Homecoming - Chapter Three

Noemi Makimura stared curiously at the tall man talking to her mother. Ryo Saeba in the flesh.

Oh, she knew who he was. Ryo Saeba. The man her mom used to work with. The man that had taken her mom under his wing after her uncle Hideyuki had been killed by a drug cartel. The only man her mother has ever loved.

Her mom would have an apoplexy if she knew Noemi knew all those things. She was only six after all. But she did know. She’d eavesdropped to her mom telling the story to a friend a few months back. She knew eavesdropping wasn’t appropriate behavior, and it hadn’t been her intention to listen to the private conversation between the two women that night. It had been late and she hadn’t been able to sleep, so she’d decided to wake her mom up and ask her to make her some cocoa to help her sleep, when she’d realized her mom was awake, and slightly tipsy. That’s the only reason she was telling auntie Nikki the story.

Noemi had listened in avidly, and ended up shuffling back to her bedroom with tears in her eyes. She had had no idea about any of it. Mom never told her about it. How could she, Noemi was too little to understand. Or so her mom—and everybody else—thought. But Noemi understood. She understood love. She understood what unconditional love felt like, because that’s how she loved her mother. And she knew how love sounded like. She heard it every time her mom spoke to her, and she’d heard it that night, when mom spoke of Ryo Saeba.

She’d sneaked into her mom’s bedroom the next day, when she’d been off at work and her babysitter busy preparing snacks. She’d known she shouldn’t have been snooping, but she hadn’t felt like she was snooping. She’d known exactly what she was looking for. The picture she’d once caught mom looking at late at night. After what she’d heard the previous night, Noemi had known who would be in that picture.

The photo had been hidden on the bottom of her mom’s nightstand drawer, tucked between the pages of an empty diary. But it hadn’t been just one person in the picture. It had been her mom and a dark-haired man, holding her mom about the shoulders, and smiling into the camera.

And she’d finally realized what she’d give her mother for her birthday. She’d get her back to Japan.

She’d plotted her plan through the entire afternoon, and finally sprung the idea on her mom that same night. Only she hadn’t said it was a gift for her mom, but for her. She’d told her mother she wanted to go to Japan during cherry blossom season. And cringed, when her mom had almost choked on her soup.

Kaori Makimura had then asked her daughter where the idea had come from, and thankfully Noemi had a perfectly reasonable motive to go to Japan. They had talked about cherry blossoms and the habit of the Japanese to watch them, of doing the hanami, in kindergarten.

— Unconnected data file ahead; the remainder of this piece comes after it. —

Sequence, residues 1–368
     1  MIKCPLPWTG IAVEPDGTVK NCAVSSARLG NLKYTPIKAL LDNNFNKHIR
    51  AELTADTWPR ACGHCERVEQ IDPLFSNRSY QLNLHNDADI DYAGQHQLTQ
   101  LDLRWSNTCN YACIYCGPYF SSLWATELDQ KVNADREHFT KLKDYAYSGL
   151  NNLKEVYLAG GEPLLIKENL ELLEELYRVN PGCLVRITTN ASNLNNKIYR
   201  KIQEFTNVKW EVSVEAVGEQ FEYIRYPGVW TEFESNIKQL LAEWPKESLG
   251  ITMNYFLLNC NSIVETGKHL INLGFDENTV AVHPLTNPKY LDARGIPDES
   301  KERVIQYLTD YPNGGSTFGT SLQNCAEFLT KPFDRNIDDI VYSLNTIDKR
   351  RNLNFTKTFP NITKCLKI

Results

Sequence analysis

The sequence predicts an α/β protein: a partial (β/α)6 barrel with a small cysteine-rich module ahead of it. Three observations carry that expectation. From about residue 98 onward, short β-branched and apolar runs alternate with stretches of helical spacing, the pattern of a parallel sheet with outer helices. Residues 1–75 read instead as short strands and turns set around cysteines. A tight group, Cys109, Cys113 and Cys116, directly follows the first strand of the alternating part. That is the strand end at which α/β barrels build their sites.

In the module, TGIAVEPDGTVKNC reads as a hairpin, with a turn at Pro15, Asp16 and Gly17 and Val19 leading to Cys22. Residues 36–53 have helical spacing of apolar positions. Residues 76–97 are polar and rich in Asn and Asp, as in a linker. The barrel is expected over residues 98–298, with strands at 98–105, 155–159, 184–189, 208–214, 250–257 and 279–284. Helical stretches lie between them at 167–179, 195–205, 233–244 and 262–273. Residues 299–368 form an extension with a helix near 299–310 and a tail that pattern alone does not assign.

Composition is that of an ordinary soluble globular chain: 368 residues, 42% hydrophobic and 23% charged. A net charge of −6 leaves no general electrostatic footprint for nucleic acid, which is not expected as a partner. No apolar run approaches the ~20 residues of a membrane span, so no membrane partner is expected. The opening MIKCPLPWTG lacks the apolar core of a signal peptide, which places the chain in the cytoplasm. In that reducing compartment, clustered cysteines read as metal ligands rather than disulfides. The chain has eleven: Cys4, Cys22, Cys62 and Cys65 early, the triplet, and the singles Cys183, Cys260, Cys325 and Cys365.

Noemi had known mom wouldn’t accept so readily, but she’d planted the seed, and that seed had taken root, she’d seen it in her mother’s eyes. And she’d seen something else. Longing. It had been in that moment that Noemi had realized her mom missed the country she was born in, there had been no mistaking the look in her eyes. Kaori had been away from home for so long, taking care of her, raising her, loving her, stomping on her own homesickness, forgoing true happiness. Oh, her mom was happy, but she wasn’t truly happy. Noemi was only a child, but she prided herself in knowing the difference. There was contentment, and there was happiness.

And she knew that a parent would forget their own happiness, their own life, for their children. There were many things Noemi Makimura was. A carefree little girl, happy, sunny, intelligent, loving, stubborn when she needed to be, temperamental when the mood struck...But she wasn’t selfish.

And she’d decided it was time to start paying her mom back for everything she’d done for her so far. So she’d whined, she’d harangued, begged, emotionally blackmailed, smiled sweetly, stomped her feet, screamed, cried, and badgered, until she’d gotten her way. Until Kaori had given up, and said yes. Yes, they would go to Japan to see the cherry blossoms.

For the past four days, as her mom had taken her to Mount Fuji, Kyoto, and Nara—Noemi had wanted to see the memorial at all cost—she’d contemplated the way to find Ryo Saeba without her mom knowing. How could a child get around finding a person in Tokyo—if the guy even still lived there? The issue has sprung to mind again this morning, when Kaori had announced they were going to take it easy, and see the cherry blossoms in Tokyo. Because hanami in Tokyo—or anywhere else in Japan—meant visiting a part of the city with lots of people, and he just might be there.